/ 13 April 2024

Sci-fi murder mystery drills deep into ethical dilemmas

The Last Murder At The End Of The World 2

One of the more interesting ethical conundrums known to the world today is Philippa Foot’s Trolley Problem. Simply put, the problem asks us the question: Would you be able to leave one person to die in order to save the lives of many others? Now, what if you had to actively kill that person? Would you do it?

Expanding on this proposition, we can go further: How many people would you be comfortable to sacrifice or kill to ensure the survival of many more? What if one or more of those people was someone you care about? What if survival was not guaranteed?

Now, let’s take this to one of its logical conclusions: What if you could probably ensure the survival of your entire species by sacrificing one person, but that person was yourself?

I put forward this rather grim thought experiment because it is functionally the axis about which Stuart Turton’s The Last Murder at the End of the World rotates. Though, on the surface, the book is a mind-bending mash-up of golden age sci-fi and golden age detective fiction, beneath the labyrinthine twists and turns that mimic the later story’s setting, it is an exploration of service, sacrifice and ultimately self-sacrifice.

The novel itself is almost one-of-a-kind: Turton’s use of the phrase “end of the world” is not allegory for a geographically remote location, as I initially had assumed. He is talking about the literal end of days, armageddon, oh-my-God-we’re-all-gonna-die! end of the world. 

Humanity has finally done it, we have unleashed the devastating thingamabob that has turned on us and wiped most of the face of the planet clean of life. But one last pocket of survivors remains — a carefully maintained group of 122 hard-working, kind and selfless individuals who live on a remote island, overseen by their three “Elders”.

The elders have access to knowledge and technology from before all hell broke loose, and they use it to tend their flock dutifully, if not always lovingly. The villagers, as they are known, are brought into the tribe at the age of eight from we-know-not-where, find some way to be of service to their community and their elders, and then die peacefully in their sleep at the age of 60.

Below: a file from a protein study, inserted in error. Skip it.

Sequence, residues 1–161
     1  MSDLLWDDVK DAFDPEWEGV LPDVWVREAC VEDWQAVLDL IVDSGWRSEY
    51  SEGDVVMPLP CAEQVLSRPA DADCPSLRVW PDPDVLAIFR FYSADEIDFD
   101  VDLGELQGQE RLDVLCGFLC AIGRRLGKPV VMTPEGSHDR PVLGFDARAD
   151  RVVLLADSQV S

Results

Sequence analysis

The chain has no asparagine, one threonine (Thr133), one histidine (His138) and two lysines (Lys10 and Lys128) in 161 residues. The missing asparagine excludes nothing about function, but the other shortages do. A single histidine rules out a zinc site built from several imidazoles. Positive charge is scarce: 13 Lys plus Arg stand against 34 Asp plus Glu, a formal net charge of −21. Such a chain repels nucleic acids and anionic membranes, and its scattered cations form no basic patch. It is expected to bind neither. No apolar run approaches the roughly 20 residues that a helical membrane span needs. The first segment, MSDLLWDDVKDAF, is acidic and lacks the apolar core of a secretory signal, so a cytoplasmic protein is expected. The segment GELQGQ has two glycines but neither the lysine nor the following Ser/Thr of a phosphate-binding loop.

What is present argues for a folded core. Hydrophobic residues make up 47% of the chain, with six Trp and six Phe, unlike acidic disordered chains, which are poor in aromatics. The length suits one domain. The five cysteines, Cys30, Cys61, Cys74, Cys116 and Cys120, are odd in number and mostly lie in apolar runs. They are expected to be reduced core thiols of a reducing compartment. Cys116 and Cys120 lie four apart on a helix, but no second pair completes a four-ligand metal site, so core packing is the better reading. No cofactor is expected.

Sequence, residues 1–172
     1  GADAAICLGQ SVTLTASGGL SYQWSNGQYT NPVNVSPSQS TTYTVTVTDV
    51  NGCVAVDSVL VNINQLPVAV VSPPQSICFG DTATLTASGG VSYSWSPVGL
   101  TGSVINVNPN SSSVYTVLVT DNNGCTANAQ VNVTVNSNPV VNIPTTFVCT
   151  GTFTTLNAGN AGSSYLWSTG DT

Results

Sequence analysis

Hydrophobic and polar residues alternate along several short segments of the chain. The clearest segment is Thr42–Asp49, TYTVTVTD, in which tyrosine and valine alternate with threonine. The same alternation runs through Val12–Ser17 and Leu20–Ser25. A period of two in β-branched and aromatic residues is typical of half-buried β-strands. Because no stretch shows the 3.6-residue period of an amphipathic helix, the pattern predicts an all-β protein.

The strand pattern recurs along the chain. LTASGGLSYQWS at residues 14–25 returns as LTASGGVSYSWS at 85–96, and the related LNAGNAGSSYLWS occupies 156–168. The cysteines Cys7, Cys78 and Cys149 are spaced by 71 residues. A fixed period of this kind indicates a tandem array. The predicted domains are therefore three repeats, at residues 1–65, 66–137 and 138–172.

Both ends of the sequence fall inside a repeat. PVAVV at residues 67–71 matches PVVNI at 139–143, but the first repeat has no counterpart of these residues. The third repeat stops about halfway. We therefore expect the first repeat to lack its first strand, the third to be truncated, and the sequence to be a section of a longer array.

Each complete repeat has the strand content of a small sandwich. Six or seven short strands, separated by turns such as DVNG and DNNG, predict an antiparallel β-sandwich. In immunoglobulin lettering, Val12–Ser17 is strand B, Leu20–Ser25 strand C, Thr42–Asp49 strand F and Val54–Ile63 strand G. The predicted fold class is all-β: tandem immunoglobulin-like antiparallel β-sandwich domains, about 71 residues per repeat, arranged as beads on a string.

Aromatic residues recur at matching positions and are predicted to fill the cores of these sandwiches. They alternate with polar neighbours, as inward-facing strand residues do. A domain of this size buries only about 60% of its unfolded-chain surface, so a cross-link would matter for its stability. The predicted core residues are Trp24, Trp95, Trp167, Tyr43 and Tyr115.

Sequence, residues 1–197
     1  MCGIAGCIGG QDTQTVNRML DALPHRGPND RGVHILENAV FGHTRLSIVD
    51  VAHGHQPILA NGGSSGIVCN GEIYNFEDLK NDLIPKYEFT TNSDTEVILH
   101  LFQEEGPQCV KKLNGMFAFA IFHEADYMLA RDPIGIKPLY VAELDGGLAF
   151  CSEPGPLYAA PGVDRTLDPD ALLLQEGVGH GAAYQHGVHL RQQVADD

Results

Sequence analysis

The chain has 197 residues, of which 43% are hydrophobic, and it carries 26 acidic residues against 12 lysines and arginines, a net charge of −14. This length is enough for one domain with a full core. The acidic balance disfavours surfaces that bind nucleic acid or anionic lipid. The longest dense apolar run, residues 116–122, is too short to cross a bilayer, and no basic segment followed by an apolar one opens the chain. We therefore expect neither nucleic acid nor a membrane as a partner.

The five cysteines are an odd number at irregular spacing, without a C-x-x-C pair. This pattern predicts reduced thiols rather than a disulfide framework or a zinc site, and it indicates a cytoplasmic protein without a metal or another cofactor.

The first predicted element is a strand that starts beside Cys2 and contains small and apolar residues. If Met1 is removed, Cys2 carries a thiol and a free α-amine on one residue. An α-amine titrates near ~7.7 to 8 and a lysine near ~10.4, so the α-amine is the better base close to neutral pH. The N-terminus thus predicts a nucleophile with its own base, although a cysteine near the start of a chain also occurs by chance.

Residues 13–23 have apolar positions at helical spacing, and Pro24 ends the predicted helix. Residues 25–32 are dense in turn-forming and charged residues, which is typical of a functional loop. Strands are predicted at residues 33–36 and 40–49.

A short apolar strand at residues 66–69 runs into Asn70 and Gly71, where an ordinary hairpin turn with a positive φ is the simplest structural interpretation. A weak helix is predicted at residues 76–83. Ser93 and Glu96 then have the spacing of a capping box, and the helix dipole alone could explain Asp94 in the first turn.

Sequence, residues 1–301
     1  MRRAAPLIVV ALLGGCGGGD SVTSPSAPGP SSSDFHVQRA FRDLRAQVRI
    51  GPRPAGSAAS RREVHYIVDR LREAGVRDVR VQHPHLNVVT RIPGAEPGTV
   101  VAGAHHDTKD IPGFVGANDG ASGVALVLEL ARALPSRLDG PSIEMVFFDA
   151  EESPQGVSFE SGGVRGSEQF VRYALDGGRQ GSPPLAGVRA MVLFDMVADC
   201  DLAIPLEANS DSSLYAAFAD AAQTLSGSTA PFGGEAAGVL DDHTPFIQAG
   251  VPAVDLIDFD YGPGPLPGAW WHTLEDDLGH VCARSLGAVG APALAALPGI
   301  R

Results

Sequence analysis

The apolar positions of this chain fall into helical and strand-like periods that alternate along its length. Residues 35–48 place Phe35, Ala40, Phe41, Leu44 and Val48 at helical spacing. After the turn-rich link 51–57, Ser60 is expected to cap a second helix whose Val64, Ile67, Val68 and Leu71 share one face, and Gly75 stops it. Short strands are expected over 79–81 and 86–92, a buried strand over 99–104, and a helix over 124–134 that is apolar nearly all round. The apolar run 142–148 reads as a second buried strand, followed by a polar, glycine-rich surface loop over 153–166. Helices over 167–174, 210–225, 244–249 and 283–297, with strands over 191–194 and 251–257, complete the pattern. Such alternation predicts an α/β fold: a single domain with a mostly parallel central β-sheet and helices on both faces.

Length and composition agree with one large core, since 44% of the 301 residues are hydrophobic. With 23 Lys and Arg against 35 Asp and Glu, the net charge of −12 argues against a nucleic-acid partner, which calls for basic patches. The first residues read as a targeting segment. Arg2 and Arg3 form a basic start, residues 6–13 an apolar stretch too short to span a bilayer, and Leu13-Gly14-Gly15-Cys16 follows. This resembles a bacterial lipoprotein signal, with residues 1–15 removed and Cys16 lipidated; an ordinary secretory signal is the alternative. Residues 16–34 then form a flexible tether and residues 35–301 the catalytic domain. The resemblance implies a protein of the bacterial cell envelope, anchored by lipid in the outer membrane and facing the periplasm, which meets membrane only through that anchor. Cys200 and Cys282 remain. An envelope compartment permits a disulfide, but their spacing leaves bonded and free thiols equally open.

They never break the rules, they never question their self-sufficient if somewhat imperilled existence, and they even get to attend their own funerals before their short, meaningful lives are snuffed out. 

This odd existential state is maintained faithfully for 90 years, but then the unthinkable happens. One of their elders, the most-loved of this ersatz Holy Trinity, turns up dead, apparently brutally murdered while everyone slept.

We see most of the events unfolding from the point of view of Abi, the seemingly godlike being the elders conjured into existence to oversee and aid the villagers. She can read their thoughts and talk to them, giving her a unique perspective into their lives. She can physically and mentally control them, and it is through her actions that the events of the night of the murder are scrubbed from the memories of every­one on the island. 

The Villagers must determine who or what caused the death of their elder in order to save their world, and they must do it with as little help as possible from the only deity they have ever known.

To be painfully honest, the story is slow going at first. Turton has elected to set the tale against a completely alien backdrop, one which conjures up the feeling of the worlds that Isaac Asimov, Robert A Heinlein and Arthur C Clarke gave us during their halcyon days of science fiction. 

Much world-building is needed, because we need to be fully immersed in our new setting before it is turned on its head. The author dangles the bait for about the first quarter, allowing us to become acquainted with our apocalyptic paradise, before setting the hook. The pace picks up and never really relents until we have come to the bottom of our mystery. 

The whodunnit part of the story hearkens to the finest locked-room mysteries of Monsieur Conan Doyle and Madame Agatha Christie. It is the ultimate locked room: The island is the last pocket of life in a nightmarish apocalyptic world. To leave it is death, and nothing enters because nothing else is even frikkin’ alive. 

The person who committed this atrocious act has to be on the island, because it is the only place to be. The number of villagers and elders is carefully maintained (or is it?) and the one being who can see all (or can she?) cannot help because… Well, that’s where we start stumbling into the real theme of the novel.

The villagers live a life of sustained selflessness and sacrifice in service to their island and the elders. Their elders, who are at once gods and prophets, might not return the favour. The three elders deal with this reality in different ways, from total apathy to an altruistic desire to right the wrongs of the past. And Abi, herself a god at the service of her own prophets, might have been handed the key to unlocking utopia by one of the elders. But in order to turn that key, the ultimate sacrifice might be required.

So, I ask you again, but paraphrased: What if you could probably ensure the survival of your entire world by sacrificing one being, but that being was yourself?

Turton has given us a novel with the spectacle of sci-fi entwined with the intrigue of a whodunnit. 

Though it is slow out of the blocks, it ultimately crescendos to a satisfying conclusion, presenting us with the only correct answer to my question: There isn’t one. 

There is only that which we would do to save, that which we believe in.

Stuart Turton’s ­The Last Murder at the End of the World is published by Bloomsbury.